If we think a bit, we can find redemptive elements in nearly any job. Take the examples above: one elder fixes hurting bodies. Another finds broken elements of companies and makes them better. I see students overcome fear and doubt, and increase confidence in the abilities God gave them. Even a smile and warm coffee on a cold winter day can reflect a deeper joy, even if for a brief moment. In nearly any job our motivation can be to echo God's redemption, to see brokenness reconciled, and to proclaim the gospel's work in our words and our deeds.
Trust God and display the gospel
If you asked our team of bi-vocational elders, they would each tell you that their second jobs fit multiple (if not all six) of these categories. Our situations aren't unique; many opportunities exist that we simply overlook.
If we believe that God is sovereign and good, and that his Spirit is "our Helper," the first step into the perfect second job is to seek that promised help. Begin with prayer. Whether an opportunity doesn't seem real, you simply don't think it exists, or you're debating which of these six categories you should prioritize, don't rely on God's help only as a last-ditch option.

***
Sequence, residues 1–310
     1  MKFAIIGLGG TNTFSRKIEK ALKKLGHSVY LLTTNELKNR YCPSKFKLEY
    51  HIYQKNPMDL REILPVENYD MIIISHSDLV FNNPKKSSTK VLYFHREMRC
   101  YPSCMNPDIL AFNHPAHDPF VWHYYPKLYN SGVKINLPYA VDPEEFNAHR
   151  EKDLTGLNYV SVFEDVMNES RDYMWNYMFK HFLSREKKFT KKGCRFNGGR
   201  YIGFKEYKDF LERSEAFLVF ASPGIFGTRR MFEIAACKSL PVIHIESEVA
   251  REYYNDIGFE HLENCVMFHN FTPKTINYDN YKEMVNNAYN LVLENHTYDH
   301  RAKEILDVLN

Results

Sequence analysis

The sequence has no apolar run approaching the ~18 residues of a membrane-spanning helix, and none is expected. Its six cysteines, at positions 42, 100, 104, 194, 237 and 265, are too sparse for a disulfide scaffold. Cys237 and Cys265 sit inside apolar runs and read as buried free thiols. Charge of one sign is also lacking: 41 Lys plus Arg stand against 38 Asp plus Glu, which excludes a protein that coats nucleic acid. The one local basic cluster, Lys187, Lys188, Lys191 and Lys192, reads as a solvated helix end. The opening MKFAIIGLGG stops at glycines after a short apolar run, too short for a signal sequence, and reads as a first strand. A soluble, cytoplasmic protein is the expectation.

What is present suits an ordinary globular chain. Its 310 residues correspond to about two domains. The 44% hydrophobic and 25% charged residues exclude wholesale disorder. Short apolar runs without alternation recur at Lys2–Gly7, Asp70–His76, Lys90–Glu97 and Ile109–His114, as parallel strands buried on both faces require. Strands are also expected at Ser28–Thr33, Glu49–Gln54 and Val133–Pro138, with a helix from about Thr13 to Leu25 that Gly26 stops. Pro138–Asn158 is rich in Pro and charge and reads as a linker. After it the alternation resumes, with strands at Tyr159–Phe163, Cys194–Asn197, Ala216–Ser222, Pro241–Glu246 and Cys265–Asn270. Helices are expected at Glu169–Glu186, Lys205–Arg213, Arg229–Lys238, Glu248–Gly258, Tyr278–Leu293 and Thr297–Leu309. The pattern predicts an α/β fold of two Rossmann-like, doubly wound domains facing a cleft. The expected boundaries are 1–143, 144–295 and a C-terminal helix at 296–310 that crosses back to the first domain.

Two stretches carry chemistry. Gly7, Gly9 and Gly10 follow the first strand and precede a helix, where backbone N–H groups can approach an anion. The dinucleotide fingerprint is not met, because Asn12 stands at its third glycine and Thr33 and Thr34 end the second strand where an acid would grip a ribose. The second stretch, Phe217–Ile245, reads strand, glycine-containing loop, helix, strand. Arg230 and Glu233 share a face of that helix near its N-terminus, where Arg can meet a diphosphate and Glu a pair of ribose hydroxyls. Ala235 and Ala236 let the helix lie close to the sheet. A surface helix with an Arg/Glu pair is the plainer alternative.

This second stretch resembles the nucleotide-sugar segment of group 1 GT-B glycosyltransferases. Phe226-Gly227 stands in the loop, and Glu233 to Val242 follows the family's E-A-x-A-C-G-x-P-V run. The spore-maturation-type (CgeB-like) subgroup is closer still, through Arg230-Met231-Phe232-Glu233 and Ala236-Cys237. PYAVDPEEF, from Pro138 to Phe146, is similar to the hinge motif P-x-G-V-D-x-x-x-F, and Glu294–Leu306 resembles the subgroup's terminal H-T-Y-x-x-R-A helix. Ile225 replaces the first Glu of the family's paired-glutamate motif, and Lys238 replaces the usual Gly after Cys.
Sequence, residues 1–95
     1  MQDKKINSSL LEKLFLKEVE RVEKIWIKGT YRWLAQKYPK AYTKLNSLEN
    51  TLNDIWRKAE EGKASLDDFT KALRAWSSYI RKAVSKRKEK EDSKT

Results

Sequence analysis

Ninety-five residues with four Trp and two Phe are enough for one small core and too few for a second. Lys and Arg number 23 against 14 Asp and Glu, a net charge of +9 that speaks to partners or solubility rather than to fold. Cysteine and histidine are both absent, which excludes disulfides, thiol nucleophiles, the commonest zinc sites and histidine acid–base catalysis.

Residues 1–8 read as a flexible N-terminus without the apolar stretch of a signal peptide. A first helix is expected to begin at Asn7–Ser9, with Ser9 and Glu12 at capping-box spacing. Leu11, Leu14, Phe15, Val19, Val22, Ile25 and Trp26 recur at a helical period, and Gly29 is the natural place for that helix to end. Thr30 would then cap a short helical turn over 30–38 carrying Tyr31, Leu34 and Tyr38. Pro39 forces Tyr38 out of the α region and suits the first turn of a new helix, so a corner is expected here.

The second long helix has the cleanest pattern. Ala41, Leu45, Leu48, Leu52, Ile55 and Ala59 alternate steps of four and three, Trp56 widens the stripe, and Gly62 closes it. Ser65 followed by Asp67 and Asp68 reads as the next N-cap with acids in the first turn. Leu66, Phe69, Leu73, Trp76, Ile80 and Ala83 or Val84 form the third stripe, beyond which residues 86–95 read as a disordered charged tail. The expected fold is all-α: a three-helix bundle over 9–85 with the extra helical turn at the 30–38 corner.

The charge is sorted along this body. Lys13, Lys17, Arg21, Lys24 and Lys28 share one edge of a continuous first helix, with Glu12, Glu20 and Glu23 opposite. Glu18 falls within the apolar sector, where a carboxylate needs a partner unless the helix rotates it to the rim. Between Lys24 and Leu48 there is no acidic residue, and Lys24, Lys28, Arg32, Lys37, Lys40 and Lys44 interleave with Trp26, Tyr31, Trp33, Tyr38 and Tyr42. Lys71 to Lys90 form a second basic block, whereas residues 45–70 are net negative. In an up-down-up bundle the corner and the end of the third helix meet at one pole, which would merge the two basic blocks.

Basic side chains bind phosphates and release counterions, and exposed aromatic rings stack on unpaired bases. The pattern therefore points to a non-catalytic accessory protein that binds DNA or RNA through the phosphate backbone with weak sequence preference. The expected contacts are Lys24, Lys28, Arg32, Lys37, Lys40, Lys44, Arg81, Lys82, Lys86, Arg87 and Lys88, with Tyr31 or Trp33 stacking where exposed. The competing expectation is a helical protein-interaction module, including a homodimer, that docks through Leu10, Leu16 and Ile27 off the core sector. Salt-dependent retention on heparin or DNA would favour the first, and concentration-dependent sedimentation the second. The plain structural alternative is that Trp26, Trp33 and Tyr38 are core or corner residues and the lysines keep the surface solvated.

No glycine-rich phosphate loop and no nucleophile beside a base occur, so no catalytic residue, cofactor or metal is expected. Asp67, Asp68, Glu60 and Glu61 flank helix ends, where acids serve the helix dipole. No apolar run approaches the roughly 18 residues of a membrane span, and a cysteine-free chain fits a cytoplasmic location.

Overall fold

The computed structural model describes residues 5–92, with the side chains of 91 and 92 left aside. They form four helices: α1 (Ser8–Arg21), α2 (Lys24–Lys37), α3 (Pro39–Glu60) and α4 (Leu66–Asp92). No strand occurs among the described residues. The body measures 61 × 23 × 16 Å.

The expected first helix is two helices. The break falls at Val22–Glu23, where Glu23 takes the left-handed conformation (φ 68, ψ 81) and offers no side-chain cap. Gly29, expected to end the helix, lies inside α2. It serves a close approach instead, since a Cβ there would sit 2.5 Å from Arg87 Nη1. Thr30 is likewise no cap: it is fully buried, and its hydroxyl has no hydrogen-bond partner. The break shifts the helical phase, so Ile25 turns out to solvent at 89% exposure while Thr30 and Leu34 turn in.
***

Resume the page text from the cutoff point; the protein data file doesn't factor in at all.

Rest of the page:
But neither can we stop with prayer. We need to exercise wisdom in the pursuit of skillful, balanced ministry. If we believe the Bible—that all money is God's and that the entire body is called to minister, use our gifts, and live out God's mission—then every Christian, no matter their occupation, is really a vocational minister. Sometimes God chooses to support his people's ministry, full-time or part-time, through the church organization. Sometimes he sends it to his people through other channels. But the bottom line is that each of the six categories above reflects a different element of God's goodness, provision, and joy. So the two biggest questions as we pursue the perfect second job are, Do I trust that goodness, provision, and joy, even in my search for a second job? and, How can I best display the gospel, in my life, to my church, and in my job(s)?
Once we answer those two questions, we'll be one step closer to finding the right jobs to pair with our pastoral callings.
Ben Connelly is pastor of The City Church in Fort Worth, Texas and teaches public speaking at Texas Christian University.
Copyright © 2013 by the author or Christianity Today/Leadership Journal.
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